Commonwood Leisure

“Anglers may enjoy the opportunity to visit one of many fishing lakes in the area.” - AA Inspector



Official Rating
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Our Inspector's view

Located within easy travelling distance of Wrexham and historic Chester, this family owned and managed park is an ideal destination for lovers of the countryside. For fishing enthusiasts, the wide choice of lakes should meet all expectations. The on-site cosy café and takeaway serves good food including home-baked bread. The grounds are especially commendable with a variety of indigenous trees with hedges set on neat grass, creating peace and tranquillity. An area of mixed hardstanding and lush level grass pitches are ideal for caravans and motorhomes. Stylish modern unisex toilets and full wet rooms are equipped with quality fixtures and fittings. The impressive glamping choice includes two superb en suite pods, six bell tents and the separate Arcadia field suitable for groups bookings that also includes a large safari tent. Please note, a laundry is not provided but facilities are available in nearby towns.

Awards, accolades & Welcome Schemes

AA 4 Star Caravan & Camping Park

Awards and ratings may only apply to specific accommodation units at this location.

Commonwood Leisure
Buck Road, Holt, WREXHAM, WREXHAM, LL13 9TF


  • Playground
  • Licensed Bar
  • Fishing
  • Cafe/Restaurant
  • Fast food/takeaway
  • BBQ
  • Picnic Area
  • Wifi available
  • Baby bathing/changing
Opening times
  • Open all year
Site Information
  • Total Touring Pitches: 5
  • Total Static Pitches: 5
  • Caravan Pitches Available
  • Motorhome Pitches Available

About the area

Discover Wrexham

Although the collieries and steelworks on which the town of Wrexham prospered are largely things of the past, this bustling town is still the largest in north Wales. The town desperately wants to be a city and has applied for the status three times since the turn of the millennium. A plan is afoot to establish a ‘city region’ encompassing Wrexham, Deeside and Chester.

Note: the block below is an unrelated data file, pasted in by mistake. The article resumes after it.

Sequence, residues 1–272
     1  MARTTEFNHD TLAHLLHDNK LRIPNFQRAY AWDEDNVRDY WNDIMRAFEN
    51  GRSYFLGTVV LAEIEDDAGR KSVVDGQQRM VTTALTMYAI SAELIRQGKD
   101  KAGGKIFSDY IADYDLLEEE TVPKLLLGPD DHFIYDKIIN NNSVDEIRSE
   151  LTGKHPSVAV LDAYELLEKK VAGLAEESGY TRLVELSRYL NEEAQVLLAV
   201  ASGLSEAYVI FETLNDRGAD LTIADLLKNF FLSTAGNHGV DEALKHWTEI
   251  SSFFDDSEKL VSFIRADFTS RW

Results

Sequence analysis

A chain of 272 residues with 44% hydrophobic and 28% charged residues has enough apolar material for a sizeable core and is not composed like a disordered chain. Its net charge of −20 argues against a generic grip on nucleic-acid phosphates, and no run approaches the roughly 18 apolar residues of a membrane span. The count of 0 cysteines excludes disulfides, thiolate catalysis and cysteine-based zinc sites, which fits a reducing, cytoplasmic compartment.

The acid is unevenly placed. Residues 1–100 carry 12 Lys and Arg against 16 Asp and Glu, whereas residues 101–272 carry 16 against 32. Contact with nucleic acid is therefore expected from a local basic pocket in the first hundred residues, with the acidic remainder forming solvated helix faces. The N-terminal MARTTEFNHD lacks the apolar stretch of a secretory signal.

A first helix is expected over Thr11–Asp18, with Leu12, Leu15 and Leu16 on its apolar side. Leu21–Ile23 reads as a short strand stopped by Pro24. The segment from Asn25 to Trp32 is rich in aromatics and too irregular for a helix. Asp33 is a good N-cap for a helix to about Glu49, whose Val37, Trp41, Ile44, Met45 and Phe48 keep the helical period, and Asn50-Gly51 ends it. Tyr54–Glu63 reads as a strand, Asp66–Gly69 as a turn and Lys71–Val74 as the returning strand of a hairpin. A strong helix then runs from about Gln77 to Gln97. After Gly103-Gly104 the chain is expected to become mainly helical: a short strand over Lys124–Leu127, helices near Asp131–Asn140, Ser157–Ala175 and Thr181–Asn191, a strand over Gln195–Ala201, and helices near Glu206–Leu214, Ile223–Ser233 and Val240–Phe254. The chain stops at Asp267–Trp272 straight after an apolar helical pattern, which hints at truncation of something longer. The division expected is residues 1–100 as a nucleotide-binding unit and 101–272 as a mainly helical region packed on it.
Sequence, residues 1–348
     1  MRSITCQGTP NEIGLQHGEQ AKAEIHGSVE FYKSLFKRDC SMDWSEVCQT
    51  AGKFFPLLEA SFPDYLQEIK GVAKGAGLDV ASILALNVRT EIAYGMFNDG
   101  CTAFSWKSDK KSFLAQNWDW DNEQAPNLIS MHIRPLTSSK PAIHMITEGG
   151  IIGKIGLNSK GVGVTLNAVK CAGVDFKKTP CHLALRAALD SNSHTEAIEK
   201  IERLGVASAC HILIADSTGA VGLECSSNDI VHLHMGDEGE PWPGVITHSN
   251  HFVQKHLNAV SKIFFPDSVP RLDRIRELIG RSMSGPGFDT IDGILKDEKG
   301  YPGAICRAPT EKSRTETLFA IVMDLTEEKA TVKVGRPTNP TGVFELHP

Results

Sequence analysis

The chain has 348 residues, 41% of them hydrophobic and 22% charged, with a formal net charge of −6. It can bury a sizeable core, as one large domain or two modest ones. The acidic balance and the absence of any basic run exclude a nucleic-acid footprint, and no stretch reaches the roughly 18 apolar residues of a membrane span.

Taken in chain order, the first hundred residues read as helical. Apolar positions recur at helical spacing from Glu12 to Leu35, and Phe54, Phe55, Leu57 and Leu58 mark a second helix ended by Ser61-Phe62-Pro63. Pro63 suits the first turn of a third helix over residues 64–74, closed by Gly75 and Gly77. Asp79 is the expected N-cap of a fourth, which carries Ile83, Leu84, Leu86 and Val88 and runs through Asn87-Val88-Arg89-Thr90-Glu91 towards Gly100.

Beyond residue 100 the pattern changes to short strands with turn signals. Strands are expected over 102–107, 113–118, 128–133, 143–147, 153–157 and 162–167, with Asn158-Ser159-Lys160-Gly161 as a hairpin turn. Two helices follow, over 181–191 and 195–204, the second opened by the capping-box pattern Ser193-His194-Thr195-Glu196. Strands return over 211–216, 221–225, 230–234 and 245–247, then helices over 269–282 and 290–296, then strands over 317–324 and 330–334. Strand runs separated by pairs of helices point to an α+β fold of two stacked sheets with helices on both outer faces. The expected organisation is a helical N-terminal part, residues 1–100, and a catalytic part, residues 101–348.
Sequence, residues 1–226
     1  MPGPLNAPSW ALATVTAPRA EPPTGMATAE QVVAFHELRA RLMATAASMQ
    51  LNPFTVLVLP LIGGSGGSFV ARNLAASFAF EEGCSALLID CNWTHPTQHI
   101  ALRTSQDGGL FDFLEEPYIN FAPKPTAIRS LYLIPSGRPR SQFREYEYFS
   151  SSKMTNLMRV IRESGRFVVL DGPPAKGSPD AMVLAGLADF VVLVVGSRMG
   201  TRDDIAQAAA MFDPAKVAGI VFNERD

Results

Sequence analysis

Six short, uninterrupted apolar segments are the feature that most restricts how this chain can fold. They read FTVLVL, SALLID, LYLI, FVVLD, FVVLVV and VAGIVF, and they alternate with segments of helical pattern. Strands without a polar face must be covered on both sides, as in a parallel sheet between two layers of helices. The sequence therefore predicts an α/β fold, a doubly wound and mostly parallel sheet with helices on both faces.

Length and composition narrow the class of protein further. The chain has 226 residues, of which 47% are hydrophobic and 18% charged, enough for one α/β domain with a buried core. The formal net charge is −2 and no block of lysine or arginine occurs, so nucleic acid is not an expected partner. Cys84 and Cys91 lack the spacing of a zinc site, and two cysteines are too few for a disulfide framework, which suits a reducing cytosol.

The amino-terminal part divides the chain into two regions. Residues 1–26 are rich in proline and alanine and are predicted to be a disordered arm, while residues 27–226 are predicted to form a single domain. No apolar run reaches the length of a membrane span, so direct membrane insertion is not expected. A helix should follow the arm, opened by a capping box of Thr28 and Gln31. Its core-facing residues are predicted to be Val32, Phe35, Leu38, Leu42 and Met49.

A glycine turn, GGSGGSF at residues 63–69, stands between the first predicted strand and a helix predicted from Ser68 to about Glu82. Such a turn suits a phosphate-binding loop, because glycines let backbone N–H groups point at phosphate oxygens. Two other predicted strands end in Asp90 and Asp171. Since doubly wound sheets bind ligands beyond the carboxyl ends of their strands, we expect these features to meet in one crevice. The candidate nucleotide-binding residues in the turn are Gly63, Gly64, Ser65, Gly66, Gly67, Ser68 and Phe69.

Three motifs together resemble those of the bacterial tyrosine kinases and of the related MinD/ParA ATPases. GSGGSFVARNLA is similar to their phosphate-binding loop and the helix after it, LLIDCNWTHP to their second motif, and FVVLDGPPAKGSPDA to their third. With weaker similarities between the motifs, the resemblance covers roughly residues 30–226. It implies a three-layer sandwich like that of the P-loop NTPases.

Heading south, prepare to be gobsmacked when you reach Chirk, where Thomas Telford’s magnificent 10-arched aqueduct was built in 1801 to convey the canal more than 70 feet above the bottom of the valley. What’s more, alongside it is an even taller viaduct, built by Henry Robertson in 1840 to carry the railway. Both were used to carry coal from the once-thriving Flintshire coalfields.

The other main feature of Chirk is its 14th-century castle, which stands proudly overlooking the town and the Ceiriog Valley, an area described by Lloyd George as ‘a little bit of heaven on Earth’. Despite its stunning scenery and easy accessibility, the valley is something of a secret. It lies immediately south of the Vale of Llangollen, and has been dubbed ‘little Switzerland’ for its lush green hills, dotted with small farms.


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